Acamprosate (Campral) was approved for the treatment of alcohol dependence in 2004. In the brain, it appears to help key neurotransmitter systems adjust to the absence of alcohol, reducing excitement due to glutamate and increasing calming due to gamma-aminobutryic acid (GABA). Alcohol dependent individuals who are off alcohol and on acamprosate are less prone to protracted alcohol withdrawal and less likely to drink in response to environmental cues. Acamprosate poses no threat to the liver and may be used when the liver is compromised. Kidney function must be adequate to process the medication. The most common side effects of acamprosate are diarrhea and gas; depression and thoughts of suicide have been reported but are rare.

In addition to these three FDA-approved medications, patients and their prescribers may want to consider other medications that have shown promise in limited studies. Baclofen (multiple brand names), gabapentin (Neurontin), nalmefene (Selincro), and topiramate (Topamax) are prescribed off label for the treatment of alcohol dependence.

Use of medication should not be a casual decision. In the best of circumstances, patient and prescriber together weigh the risks and benefits of available treatments, including the option of no medication. Both logical and emotional factors influence their final decision.

Scientific evidence shows that medication contributes to improved outcomes for individuals pursuing recovery from addiction to alcohol. This does not mean that medication is for everyone. It does mean that patients and prescribers ought to seriously consider including medication in comprehensive recovery plans. For example, a person in treatment for the first or second time who is resolute about pursuing the basics of recovery may be better off without the inconvenience and risks of medication. A similar person with less resolve may be better off with medication.

Under-treatment may occur when patients decline medication due to bias (“I don’t do pills” or “I want to be totally clean”) or due to overestimating themselves (“I’m strong enough to do this without medication”). Under-treatment also may occur when prescribers fail to offer medication, perhaps because they are unfamiliar with them or they underestimate the treatability of alcohol dependence.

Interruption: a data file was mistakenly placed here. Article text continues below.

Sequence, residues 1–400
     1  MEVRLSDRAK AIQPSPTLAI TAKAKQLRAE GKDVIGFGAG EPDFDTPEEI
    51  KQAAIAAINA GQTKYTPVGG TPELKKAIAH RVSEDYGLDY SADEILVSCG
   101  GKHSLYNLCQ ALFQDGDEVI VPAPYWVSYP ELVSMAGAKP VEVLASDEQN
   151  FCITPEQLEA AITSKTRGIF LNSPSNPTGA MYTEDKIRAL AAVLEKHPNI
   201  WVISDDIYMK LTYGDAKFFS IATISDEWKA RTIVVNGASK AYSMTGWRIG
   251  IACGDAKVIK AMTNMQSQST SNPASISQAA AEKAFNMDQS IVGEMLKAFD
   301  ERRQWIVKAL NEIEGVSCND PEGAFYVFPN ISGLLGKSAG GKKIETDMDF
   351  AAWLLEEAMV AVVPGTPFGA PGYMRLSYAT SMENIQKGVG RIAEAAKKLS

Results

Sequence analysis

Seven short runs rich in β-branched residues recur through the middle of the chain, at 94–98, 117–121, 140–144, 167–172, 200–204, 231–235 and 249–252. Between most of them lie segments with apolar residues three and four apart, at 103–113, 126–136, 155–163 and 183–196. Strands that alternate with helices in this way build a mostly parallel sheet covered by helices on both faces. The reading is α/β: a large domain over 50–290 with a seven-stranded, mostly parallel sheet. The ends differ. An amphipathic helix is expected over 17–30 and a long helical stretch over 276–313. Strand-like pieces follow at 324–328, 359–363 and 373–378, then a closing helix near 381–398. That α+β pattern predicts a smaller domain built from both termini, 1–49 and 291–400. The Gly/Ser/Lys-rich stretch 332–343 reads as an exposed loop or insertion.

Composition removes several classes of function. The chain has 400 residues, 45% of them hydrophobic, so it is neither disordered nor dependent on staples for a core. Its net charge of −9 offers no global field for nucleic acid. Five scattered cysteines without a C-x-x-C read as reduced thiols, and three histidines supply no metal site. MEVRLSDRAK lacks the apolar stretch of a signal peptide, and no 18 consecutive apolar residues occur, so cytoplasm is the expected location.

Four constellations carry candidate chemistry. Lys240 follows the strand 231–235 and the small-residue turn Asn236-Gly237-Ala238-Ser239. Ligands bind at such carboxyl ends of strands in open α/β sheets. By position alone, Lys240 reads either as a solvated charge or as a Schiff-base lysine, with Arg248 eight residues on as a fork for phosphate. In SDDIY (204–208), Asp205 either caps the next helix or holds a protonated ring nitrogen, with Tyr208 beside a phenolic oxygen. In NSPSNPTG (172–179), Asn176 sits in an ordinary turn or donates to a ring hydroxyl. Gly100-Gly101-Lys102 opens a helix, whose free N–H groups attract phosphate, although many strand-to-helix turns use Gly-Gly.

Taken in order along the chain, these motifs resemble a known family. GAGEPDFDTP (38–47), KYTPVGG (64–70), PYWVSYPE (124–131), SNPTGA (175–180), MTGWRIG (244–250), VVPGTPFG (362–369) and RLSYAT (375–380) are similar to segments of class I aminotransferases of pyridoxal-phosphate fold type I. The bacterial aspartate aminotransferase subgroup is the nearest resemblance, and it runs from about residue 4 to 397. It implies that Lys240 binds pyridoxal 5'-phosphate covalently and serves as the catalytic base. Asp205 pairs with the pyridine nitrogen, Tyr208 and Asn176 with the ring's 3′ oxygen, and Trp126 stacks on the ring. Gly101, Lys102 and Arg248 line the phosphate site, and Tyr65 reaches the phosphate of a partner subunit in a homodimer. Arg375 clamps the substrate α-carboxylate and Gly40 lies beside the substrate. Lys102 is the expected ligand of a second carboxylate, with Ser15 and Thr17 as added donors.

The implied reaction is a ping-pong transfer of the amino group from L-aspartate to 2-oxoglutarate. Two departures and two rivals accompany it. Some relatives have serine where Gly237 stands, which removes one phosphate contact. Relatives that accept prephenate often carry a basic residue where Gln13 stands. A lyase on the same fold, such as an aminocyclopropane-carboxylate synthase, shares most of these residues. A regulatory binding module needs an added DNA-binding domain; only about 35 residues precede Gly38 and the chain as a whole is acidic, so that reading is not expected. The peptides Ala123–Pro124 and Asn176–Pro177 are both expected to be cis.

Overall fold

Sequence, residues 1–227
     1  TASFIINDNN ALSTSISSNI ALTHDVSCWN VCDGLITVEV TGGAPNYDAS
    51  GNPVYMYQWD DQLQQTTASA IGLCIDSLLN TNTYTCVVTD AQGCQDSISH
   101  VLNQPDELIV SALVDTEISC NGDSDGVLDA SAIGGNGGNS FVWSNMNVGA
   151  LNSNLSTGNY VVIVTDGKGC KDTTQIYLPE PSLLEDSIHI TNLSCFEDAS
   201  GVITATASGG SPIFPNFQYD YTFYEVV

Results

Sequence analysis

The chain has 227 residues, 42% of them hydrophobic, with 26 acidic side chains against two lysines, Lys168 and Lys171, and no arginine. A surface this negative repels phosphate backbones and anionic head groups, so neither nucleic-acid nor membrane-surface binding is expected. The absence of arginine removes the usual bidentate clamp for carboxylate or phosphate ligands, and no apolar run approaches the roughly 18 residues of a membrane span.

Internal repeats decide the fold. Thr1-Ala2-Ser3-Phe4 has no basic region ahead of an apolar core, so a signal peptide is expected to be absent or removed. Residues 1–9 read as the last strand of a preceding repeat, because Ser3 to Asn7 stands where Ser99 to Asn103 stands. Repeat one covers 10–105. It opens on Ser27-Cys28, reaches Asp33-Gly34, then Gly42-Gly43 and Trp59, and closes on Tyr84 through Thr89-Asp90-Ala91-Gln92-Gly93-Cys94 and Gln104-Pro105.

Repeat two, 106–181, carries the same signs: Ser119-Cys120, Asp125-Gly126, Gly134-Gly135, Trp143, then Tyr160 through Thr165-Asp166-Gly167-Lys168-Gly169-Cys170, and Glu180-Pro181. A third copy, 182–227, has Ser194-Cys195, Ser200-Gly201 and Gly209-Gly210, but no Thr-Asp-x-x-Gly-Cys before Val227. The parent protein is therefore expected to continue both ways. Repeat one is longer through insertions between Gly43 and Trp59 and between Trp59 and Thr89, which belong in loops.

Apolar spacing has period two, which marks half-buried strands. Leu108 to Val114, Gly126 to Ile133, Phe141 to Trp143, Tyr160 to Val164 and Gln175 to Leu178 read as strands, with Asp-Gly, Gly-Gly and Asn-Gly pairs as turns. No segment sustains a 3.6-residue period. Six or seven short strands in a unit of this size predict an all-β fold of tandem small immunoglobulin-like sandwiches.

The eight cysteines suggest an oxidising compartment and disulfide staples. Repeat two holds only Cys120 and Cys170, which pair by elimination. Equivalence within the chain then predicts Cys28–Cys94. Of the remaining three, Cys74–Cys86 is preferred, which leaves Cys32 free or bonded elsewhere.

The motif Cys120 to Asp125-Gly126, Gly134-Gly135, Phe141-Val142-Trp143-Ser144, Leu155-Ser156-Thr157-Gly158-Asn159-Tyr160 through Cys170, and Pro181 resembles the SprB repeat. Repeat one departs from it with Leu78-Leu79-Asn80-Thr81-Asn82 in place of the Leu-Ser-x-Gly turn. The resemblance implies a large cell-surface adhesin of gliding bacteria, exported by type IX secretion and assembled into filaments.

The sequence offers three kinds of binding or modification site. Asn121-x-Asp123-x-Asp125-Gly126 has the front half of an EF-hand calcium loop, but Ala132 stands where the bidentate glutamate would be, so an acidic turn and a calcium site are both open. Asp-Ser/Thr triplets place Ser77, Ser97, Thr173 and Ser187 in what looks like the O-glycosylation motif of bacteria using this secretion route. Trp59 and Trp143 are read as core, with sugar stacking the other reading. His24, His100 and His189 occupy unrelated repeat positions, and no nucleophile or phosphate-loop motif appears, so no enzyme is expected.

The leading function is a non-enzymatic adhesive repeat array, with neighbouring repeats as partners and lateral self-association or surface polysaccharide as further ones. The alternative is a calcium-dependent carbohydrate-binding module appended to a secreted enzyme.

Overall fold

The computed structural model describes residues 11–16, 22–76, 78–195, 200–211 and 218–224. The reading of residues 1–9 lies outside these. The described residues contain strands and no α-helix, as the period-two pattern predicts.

The case for including medication is stronger when patients have been unable to maintain recovery after previous treatments, are highly impulsive, experience protracted withdrawal, must return to an environment where alcohol is accessible, or are under considerable psychosocial stress. Medication may also be prudent if resumed drinking will place the patient or public safety in jeopardy. Some patients and prescribers employ medication only during times of heightened relapse risk such as travel.

Patients and prescribers who decide to use medication may select one that is FDA-approved or off label. The past experience of the patient or provider, the scientific evidence, or the reputation of a medication may influence their choice. The results of randomized controlled trials demonstrate the efficacy of naltrexone and acamprosate but not disulfiram. However, disulfiram is probably the best choice if a patient understands how it works, perhaps has had it before, and requests it now. If a previous medication trial was not successful or the consequences of further drinking are dire, then patient and prescriber might choose a combination of medications as long as there are no issues with liver or kidney function or allergies.

Among FDA-approved medications, potential side effects and convenience may influence the choice. Whether they have active liver disease or not, some reject disulfiram and naltrexone just because they might cause liver damage. Depressed individuals sometimes avoid acamprosate even though the danger of suicidal ideation is remote. Some choose a medication based on their ability to stick with the regimen. Acamprosate is taken three times a day compared to once a day for disulfiram and naltrexone. Naltrexone is also available as a monthly injection (Vivitrol).

Patients who want and deserve lasting recovery from addiction to alcohol and the professionals dedicated to helping them attain it are likely to achieve these goals more consistently when they allow medications to play a larger role.